Post Reply
Page 6 of 12  •  Prev 1 ... 4 5 6 7 8 ... 12 Next
Switch to Forum Live View Why Israel is always singled out?
4 years ago  ::  Jun 28, 2010 - 10:48PM #51
LeahOne
Posts: 16,128

Interesting discussion.  I can remember being forced to ARGUE with posters here about the teachings of Judaism:  some were insisting that Judaism teaches 'only Jews go to Heaven'.  That is complete nonsense, as every Jew should know.  But even after I pointed out the sages teach "The righteous of ALL nations will have a share in the World to Come" - some one was still insisting that had to refer to a 'lesser' status.


I never did figure out what to call that (aside from stupid, bigoted and rude) - but I'd tend to class such deliberate disbelieving of what Jews say about our teachings as 'anti-Judaism'.  And it concerns me.  For when people are basically telling you 'you're lying to me' without being forthright enough to use the words - how is it possible to havea discussion with them?


 

Quick Reply
Cancel
4 years ago  ::  Jun 28, 2010 - 11:30PM #52
habesor
Posts: 5,633

Ken,


Being opposed to Israel doesn't make one anti-Semitic unless one is opposed to Israel because they are anti-Jew. 


Looking at the Middle East we can find quite a few anti-Semites who clearly display their anti-Jew prejudices. For instance, the Hamas and Hezbollah  make no secret of the fact that they are anti-Jew. In fact, like all anti-Semites before them, they blame all of the world's problems on the Jews. In addition, reading books about life under Islamic regimes leads to the conclusion that mainstream Islam today suffers from the same sort of anti-Jew poison that was prevalent  in mainstream Christianity during the Middle Ages and into modern times. Arab nationalism is anti-Israel because Israel is not an Arab state, but embedded in this is the notion that Israel is unacceptable to the Muslim-Arab world because it is a Jewish state. Some westerners see this in terms of the American ideal of the separation of Church and State, but in the Middle East it is simply a reaffirmation of the superiority of Islam over all other religions and is therefore the exact opposite of the separation of church and state. For most Middle Easterners the Arab-Israeli conflict is pretty much the same sort of religious-political conflict as was the Hundred Years War in Europe. The question then becomes, is the western observer who is against the Jewish State for whatever stated reason, a proponent of non-secularism in modern states, or has he/she simply jumped on the Middle Eastern anti-Jew bandwagon to disguise from others and perhaps from themselves, anti-Jew attitudes that have been carried over from earlier Christian anti-Jew attitudes and beliefs.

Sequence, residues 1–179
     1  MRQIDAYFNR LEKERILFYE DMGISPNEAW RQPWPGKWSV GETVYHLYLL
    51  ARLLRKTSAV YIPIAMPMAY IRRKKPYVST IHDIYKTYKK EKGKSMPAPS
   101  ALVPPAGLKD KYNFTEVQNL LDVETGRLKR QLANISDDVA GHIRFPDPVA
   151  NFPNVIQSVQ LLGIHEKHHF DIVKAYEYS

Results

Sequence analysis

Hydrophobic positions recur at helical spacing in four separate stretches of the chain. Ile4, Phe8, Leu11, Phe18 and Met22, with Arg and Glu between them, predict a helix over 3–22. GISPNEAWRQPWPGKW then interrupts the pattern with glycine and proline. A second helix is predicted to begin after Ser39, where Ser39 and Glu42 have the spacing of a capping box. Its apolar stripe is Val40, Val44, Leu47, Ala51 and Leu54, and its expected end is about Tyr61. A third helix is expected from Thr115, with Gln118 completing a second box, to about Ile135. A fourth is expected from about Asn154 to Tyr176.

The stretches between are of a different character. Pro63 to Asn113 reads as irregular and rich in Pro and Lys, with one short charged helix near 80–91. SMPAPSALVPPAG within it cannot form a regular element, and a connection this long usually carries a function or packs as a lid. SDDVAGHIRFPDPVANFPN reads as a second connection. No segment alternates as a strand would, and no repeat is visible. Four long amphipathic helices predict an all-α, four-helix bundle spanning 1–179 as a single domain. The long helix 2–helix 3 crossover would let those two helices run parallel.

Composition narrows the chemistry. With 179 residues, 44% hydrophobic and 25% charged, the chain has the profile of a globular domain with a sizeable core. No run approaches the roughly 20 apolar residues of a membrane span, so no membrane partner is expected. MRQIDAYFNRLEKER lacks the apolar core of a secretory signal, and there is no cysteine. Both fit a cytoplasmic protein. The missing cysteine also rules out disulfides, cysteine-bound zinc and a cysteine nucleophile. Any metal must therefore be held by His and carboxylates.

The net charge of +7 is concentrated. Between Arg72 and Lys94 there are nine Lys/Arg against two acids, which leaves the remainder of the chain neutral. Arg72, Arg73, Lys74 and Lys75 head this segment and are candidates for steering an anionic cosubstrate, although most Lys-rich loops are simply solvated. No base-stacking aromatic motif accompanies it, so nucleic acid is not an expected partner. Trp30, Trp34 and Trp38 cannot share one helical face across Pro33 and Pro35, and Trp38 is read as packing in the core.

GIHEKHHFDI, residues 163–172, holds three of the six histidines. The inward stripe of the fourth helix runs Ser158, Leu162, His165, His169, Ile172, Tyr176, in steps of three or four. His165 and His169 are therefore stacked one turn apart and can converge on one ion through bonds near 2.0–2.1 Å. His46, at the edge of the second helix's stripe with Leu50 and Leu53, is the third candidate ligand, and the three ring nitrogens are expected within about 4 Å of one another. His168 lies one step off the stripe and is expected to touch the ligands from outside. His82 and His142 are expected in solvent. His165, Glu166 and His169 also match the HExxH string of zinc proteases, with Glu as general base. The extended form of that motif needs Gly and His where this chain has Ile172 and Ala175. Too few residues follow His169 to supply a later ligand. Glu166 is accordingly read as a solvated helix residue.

Israel, it seems to me, is always singled out because it is small and unimportant to most of the other states in the world, while the Arab and increasingly the Muslim world, is very large and for various reasons important to most of the other states in the international community. I suppose we should be asking how much of the Arab/Muslim anti-Jew or anti-Semitic attitude is going to have to be accepted or is already accepted or re-adopted by the rest of the states in order to maintain favor with the Arab/Muslim world.


Habesor

Habesor
Quick Reply
Cancel
4 years ago  ::  Jun 28, 2010 - 11:40PM #53
LeahOne
Posts: 16,128

Rken, I was jsut discussing this with a friend the other day....someone she knew was talking about Israel and in about 2 sentences had gone from 'they are abusing the Palestinians' into "...and what's this stuff about 'chosen people' anyway?"


 


This person, IMO, had moved from what MAY have been a legitimate criticism of Israeli policy, to a 'criticism' of Judaism per se, MIScharacterizing a belief of Judaism to construe it as hurtful towards nonJews.   I'd call that last clause 'antiJudaism'.  And we've seen quite a lot of it on this board.


 

Quick Reply
Cancel
4 years ago  ::  Jun 28, 2010 - 11:52PM #54
rangerken
Posts: 16,407

Jun 28, 2010 -- 11:40PM, LeahOne wrote:


Rken, I was jsut discussing this with a friend the other day....someone she knew was talking about Israel and in about 2 sentences had gone from 'they are abusing the Palestinians' into "...and what's this stuff about 'chosen people' anyway?"


 


This person, IMO, had moved from what MAY have been a legitimate criticism of Israeli policy, to a 'criticism' of Judaism per se, MIScharacterizing a belief of Judaism to construe it as hurtful towards nonJews.   I'd call that last clause 'antiJudaism'.  And we've seen quite a lot of it on this board.





We try to keep that down, Leah, not always with success.


Obviously, Israel and Judaism are connected, just as the Arab countries nearby and Islam are connected. Equally obvious is that whereas Israel is a modern, prosperous, culturally advanced socieity its neighbors are not, and they are very, very jealous. I think that much of anti-semitism has always been based to some degree on envy, because of how successful Jewws seem to be out of proportion to their numbers. It's due to a lot of reasons, cultural, repect for education, etc, but it still breeds envy.


Ken

Libertarian, Conservative, Life member of the NRA and VFW
Quick Reply
Cancel
4 years ago  ::  Jun 29, 2010 - 12:14AM #55
LeahOne
Posts: 16,128